Hundreds of students across several Egyptian governorates have staged protests against a new system which allocates grade marks for attendance and behaviour, Al-Ahram Arabic news website reported on Wednesday.
The new electronic system, introduced at the start of the 2015/2016 academic year by education minister El-Helali El-Sherbini, aims to improve students’ attendance.
This year, 531,800 have registered for thanaweya amma, the final year of high school, which determines who qualifies to attend universities and colleges.
The new system registers student attendance daily and sends the information to the education ministry electronically. Ten percent of the end-of-year grade will now depend on attendance and behaviour.
Students, who protested in several governorates including Cairo, Giza, and Menofiya, also demanded that all questions in the final exams be based solely on the curriculum, not just the 70 percent the current exams include.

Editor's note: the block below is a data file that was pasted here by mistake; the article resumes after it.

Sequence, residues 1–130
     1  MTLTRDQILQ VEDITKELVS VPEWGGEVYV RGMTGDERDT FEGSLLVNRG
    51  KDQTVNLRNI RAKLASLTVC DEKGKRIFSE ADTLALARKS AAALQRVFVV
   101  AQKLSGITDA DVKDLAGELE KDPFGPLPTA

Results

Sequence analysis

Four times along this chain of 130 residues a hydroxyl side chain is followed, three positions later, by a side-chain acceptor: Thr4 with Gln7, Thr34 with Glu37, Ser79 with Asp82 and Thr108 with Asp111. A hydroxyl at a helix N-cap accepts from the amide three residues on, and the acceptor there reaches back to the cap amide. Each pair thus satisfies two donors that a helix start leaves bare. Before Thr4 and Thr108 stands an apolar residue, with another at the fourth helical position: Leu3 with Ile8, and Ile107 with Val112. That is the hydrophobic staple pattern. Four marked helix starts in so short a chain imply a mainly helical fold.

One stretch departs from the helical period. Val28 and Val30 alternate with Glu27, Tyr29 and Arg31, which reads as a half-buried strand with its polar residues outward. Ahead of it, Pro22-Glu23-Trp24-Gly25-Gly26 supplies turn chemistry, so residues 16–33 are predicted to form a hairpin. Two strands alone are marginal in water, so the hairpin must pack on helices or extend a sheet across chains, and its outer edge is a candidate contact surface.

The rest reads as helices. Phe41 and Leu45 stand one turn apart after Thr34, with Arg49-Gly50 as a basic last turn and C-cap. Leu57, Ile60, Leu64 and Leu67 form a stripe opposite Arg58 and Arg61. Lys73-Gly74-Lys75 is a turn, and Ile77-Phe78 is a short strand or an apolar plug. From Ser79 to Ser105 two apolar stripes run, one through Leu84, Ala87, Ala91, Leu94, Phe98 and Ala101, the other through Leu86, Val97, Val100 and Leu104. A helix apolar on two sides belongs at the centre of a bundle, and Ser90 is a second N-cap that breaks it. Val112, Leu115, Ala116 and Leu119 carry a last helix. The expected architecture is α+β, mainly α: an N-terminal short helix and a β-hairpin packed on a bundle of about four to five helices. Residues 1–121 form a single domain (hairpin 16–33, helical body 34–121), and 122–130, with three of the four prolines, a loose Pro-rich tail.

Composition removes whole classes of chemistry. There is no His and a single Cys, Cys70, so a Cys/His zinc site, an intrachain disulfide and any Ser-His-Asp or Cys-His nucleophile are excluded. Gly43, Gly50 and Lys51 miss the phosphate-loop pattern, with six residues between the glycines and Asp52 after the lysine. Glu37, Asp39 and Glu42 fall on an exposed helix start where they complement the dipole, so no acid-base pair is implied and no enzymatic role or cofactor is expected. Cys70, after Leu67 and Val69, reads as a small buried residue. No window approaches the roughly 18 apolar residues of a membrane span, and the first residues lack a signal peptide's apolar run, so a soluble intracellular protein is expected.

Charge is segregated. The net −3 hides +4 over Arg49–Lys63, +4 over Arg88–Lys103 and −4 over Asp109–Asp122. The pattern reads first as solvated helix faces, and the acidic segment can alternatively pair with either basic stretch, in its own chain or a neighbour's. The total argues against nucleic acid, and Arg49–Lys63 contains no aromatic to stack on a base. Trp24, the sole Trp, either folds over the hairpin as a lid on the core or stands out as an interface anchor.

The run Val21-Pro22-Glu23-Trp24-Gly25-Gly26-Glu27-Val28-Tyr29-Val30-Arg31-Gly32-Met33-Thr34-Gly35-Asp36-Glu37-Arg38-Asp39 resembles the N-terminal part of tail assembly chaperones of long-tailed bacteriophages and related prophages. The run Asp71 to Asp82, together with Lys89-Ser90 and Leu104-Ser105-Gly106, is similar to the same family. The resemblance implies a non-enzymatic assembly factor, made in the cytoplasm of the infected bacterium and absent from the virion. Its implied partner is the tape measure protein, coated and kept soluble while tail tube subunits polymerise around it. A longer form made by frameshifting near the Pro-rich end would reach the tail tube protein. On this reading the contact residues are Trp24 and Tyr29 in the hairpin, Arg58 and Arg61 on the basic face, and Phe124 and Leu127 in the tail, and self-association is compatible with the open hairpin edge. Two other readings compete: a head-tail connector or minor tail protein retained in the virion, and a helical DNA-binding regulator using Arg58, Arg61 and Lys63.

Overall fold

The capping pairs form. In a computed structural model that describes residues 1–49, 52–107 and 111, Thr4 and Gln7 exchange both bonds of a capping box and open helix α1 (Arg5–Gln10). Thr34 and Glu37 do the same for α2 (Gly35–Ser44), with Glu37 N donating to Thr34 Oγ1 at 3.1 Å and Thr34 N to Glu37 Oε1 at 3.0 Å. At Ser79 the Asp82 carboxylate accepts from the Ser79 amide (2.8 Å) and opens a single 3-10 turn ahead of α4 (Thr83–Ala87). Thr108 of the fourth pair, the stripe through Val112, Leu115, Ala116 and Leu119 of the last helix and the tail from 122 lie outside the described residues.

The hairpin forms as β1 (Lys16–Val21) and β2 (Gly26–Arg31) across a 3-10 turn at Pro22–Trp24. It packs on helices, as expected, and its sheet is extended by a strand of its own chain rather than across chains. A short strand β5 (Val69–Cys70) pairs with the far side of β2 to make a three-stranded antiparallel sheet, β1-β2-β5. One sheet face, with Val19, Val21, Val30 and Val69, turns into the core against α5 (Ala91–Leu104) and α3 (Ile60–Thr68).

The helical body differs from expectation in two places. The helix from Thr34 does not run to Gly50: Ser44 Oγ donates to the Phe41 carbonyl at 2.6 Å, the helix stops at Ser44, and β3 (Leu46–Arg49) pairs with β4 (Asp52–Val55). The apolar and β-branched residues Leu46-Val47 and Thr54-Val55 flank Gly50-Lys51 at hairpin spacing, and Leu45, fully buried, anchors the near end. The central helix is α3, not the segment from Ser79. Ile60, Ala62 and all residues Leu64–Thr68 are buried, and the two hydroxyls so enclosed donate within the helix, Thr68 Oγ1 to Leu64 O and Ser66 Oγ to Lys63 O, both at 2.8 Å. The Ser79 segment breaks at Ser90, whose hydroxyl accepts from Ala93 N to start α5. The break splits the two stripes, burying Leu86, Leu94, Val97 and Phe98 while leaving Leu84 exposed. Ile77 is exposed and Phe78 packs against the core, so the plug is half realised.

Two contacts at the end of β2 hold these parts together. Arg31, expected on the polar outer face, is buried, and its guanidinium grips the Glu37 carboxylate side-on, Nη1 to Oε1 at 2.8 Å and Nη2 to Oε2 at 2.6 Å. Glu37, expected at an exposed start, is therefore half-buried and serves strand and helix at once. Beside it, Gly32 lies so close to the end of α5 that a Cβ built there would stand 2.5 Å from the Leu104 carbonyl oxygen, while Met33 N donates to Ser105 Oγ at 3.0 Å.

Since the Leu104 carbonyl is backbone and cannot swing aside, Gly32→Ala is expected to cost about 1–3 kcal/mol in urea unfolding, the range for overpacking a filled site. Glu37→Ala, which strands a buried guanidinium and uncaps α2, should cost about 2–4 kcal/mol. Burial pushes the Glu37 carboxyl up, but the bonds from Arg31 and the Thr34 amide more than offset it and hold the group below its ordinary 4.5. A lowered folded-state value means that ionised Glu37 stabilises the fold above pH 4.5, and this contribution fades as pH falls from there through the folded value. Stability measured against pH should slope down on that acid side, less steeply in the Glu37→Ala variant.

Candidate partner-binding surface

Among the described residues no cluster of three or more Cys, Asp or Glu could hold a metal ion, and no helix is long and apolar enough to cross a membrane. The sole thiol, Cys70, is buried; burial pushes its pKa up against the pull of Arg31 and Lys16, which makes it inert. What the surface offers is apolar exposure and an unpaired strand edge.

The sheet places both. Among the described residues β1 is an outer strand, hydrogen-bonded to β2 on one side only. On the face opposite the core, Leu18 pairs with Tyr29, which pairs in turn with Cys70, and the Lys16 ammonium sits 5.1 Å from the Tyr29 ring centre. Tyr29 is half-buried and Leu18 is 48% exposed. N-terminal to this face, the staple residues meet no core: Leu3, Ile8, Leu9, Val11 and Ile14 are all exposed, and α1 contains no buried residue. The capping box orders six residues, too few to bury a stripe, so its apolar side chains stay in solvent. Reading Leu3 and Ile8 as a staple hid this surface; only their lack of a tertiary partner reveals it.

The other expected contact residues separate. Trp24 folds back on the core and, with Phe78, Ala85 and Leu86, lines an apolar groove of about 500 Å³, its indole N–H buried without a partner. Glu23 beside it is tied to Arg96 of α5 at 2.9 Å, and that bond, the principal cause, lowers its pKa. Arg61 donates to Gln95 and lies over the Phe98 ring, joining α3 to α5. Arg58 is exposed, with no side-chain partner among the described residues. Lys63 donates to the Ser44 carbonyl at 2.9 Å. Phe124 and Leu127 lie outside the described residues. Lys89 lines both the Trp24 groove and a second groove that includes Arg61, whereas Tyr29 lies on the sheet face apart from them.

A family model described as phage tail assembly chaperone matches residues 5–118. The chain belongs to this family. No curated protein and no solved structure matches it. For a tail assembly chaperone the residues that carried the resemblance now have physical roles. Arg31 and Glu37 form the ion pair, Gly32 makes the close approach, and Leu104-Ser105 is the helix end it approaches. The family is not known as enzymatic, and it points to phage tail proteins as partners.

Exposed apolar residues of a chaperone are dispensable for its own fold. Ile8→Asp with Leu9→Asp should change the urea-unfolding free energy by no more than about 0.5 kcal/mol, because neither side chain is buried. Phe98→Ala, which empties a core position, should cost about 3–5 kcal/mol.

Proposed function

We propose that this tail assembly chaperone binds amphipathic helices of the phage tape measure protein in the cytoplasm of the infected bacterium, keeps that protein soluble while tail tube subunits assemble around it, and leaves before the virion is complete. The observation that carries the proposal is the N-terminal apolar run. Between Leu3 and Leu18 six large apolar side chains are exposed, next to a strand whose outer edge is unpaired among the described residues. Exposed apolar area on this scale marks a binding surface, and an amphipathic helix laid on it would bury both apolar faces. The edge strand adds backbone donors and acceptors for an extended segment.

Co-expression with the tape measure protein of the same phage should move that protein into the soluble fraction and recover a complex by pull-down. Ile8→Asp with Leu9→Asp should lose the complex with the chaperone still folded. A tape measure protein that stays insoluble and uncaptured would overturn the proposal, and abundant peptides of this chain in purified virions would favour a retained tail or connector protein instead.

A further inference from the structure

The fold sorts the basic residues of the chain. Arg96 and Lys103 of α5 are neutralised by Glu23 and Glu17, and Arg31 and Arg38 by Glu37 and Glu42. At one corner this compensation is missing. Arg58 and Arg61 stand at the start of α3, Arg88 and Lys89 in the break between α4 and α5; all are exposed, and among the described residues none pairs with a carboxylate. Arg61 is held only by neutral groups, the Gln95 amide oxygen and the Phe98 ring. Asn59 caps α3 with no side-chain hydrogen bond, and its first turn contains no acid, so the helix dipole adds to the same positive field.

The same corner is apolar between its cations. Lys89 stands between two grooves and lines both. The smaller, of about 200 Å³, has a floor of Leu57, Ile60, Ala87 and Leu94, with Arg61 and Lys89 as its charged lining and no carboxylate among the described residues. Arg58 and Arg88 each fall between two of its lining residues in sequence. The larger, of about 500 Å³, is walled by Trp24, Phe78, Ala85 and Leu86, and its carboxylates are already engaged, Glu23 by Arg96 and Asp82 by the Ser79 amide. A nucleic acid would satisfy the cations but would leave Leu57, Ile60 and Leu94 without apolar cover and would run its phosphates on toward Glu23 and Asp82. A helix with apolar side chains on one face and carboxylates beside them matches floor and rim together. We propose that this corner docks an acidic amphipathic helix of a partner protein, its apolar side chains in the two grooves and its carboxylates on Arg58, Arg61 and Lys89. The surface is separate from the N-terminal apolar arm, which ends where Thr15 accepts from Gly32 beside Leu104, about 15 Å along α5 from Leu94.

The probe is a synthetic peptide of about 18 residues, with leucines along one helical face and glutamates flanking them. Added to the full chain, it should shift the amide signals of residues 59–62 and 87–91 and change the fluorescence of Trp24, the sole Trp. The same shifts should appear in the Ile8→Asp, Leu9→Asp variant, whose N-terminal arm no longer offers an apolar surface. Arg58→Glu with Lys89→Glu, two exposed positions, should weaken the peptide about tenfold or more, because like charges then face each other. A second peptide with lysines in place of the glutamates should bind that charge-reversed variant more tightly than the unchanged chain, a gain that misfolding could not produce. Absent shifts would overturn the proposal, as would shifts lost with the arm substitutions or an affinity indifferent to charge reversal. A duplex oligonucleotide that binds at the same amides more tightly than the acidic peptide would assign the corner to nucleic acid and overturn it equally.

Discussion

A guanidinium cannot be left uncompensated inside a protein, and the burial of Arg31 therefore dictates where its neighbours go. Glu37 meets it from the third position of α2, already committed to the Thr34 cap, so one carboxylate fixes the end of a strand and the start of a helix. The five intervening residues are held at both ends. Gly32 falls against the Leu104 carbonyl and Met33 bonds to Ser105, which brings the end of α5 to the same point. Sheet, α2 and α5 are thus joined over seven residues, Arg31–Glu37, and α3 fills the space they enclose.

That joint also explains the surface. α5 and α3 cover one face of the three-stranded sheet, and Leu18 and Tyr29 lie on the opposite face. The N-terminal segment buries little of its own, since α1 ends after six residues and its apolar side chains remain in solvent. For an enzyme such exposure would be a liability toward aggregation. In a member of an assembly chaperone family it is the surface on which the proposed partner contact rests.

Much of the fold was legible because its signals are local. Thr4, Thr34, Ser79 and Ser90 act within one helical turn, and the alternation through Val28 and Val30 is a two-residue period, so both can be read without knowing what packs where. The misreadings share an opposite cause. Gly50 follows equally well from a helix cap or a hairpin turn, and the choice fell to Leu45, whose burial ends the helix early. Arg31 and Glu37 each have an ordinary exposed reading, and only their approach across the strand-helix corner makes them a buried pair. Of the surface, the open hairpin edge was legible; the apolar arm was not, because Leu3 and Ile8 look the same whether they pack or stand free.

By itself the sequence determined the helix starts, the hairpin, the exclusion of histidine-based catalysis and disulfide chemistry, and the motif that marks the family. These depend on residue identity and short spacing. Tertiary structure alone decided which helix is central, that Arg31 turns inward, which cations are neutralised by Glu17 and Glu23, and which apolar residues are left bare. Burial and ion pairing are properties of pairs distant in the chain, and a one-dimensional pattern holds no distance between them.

Students have launched a Facebook campaign against the new system called "Students of the 2016 thanaweya amma against the 10 attendance marks".
"We won't keep quiet about this unfair new system," the campaign statement reads.
Thanaweya amma students must take highly competitive and complex tests in order to continue into tertiary education. Which institutions accept them depends on their marks.
Due to education conditions in Egypt, many students resort to expensive private lessons and choose to avoid overcrowded and understaffed classes.
Tests in recent years have been marred by cheating and the leaking of exam questions.